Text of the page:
Celso Duarte: Son of the South

Music Features Celso Duarte
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Celso Duarte: Son of the South

Hometown: Curenavaca, Mexico
Album: De Sur a Sur
For fans of: Gipsy Kings, Adreas Vollenweider, Joanna Newsom 

For Paraguayan-born, Mexican-raised harpist and violinist Celso Duarte, music is the family business. And business has never been better.

Duarte’s father—Celso Duarte González—is a renowned Paraguayan harpist and music instructor who taught the younger Celso to play. Duarte’s mother is a classical pianist and singer. And his two brothers and sister are also professionally involved in music. Some of his earliest memories are of playing with the family band, Los Duarte, on tour in Japan, the U.S. and South America when he was just 10 years old. “The whole family played harp and other stringed folk instruments,” Duarte says. “When we grew up a bit, we studied classical music, too, but my specialty remains the harp—that baroque influence from Veracruz as well as Colombian harp, Irish and Celtic harp. I still love that music.”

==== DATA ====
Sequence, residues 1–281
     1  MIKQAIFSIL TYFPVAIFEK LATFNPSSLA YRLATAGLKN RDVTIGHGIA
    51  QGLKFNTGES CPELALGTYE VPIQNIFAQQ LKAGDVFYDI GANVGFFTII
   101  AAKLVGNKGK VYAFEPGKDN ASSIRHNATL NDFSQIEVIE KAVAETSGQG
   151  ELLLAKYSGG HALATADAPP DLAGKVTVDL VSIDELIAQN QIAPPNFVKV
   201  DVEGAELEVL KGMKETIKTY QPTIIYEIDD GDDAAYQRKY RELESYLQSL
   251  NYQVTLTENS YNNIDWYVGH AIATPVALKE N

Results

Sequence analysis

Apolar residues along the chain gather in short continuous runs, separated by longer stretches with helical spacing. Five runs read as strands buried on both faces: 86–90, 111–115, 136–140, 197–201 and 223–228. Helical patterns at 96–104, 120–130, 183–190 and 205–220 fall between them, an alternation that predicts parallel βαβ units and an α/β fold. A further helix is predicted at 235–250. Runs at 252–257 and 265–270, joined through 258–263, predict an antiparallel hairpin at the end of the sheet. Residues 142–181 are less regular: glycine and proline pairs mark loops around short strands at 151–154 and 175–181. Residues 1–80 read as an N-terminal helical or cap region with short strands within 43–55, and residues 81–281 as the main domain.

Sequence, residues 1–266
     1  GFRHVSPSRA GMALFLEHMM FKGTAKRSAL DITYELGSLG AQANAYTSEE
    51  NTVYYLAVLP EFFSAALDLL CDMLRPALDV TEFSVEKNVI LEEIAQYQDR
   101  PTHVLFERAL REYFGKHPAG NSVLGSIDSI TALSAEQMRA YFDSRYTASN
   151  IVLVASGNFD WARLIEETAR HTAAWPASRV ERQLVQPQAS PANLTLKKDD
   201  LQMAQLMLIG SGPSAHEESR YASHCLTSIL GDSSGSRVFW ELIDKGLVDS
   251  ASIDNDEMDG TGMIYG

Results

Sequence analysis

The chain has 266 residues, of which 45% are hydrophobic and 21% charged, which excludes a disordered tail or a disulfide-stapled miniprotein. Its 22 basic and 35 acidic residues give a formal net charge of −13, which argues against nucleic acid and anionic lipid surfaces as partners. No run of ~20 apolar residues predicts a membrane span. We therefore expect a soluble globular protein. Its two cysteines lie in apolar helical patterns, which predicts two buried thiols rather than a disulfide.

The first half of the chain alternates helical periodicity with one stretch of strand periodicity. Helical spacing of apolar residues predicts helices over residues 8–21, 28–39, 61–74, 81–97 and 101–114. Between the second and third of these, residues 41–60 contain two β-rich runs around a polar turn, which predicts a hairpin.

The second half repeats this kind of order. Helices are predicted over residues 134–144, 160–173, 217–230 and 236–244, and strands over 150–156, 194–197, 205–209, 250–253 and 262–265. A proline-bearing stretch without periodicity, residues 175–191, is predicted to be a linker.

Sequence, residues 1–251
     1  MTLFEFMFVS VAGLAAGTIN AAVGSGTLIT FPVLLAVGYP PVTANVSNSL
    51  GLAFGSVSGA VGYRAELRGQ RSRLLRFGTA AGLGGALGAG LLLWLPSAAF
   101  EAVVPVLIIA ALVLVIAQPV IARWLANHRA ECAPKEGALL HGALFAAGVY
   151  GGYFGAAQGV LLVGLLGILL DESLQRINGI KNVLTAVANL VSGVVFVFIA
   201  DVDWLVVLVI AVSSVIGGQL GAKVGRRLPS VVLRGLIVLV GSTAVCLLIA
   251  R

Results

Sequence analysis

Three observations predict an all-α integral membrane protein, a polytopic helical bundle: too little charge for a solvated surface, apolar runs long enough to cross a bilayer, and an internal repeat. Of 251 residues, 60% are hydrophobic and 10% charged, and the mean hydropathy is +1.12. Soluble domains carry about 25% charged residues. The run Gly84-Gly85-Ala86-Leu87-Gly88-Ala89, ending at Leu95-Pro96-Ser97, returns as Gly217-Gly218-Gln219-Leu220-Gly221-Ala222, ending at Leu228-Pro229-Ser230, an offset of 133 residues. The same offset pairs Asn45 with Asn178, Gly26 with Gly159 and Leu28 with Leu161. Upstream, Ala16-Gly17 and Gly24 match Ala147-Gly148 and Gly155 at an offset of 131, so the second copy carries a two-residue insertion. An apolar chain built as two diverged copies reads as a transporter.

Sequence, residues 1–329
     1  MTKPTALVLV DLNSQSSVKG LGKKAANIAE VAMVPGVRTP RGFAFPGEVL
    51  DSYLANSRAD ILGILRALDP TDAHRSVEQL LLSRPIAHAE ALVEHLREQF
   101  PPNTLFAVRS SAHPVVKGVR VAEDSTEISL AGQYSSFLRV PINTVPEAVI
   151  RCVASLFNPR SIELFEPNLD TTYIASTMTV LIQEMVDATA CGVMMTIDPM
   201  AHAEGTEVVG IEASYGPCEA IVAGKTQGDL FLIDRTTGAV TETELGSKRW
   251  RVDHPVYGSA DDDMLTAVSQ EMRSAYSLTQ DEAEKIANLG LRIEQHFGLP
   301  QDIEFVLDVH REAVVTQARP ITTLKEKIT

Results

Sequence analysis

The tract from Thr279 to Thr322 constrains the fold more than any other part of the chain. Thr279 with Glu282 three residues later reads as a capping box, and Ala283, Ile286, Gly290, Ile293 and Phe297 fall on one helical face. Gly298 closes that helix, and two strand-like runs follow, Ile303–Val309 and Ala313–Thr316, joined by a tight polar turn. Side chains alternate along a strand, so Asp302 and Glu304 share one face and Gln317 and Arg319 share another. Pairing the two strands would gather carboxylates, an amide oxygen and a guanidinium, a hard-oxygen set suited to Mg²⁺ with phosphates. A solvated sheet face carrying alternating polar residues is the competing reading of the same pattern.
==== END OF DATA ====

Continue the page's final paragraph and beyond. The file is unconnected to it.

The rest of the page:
After further study at the Universidad Nacional Autónoma de Mexico’s prestigious National School of Music, the virtuoso accompanied singers ranging from Placido Domingo, Olivia Molina and Julieta Venegas (the two collaborated on the soundtrack to the Oscar-nominated film Maria Full of Grace) to Mexican roots heroine Lila Downs. But despite making a solid living and terrific reputation for himself, Duarte pursued a solo career playing Son Jarocho, a traditional Veracruz fusion of Spanish, Huastecan and African musical elements in which the harp serves as a primary instrument. The best-known example of the style is “La Bamba,” the 300-year-old melody Ritchie Valens set to a rock beat and popularized back in 1958. Duarte’s latest album, De Sur a Sur (“From South to South”), is the modern manifestation of Son Jarocho’s characteristic style—amazingly nimble harp lines played at blazing speeds (“Apolonita”) while occasionally backed by traditional female folk singing (“Cascabel”). It’s an intoxicating mixture, and entirely different from other regional folk-music styles better known to North American audiences.

“I am trying to make a new type of folk music for Mexico,” Duarte says. “When most people think of our music, usually they think ‘mariachi’ because it’s the most famous—what you hear in tourist restaurants and bars. I’d like to see another style of popular folk music come from this country.”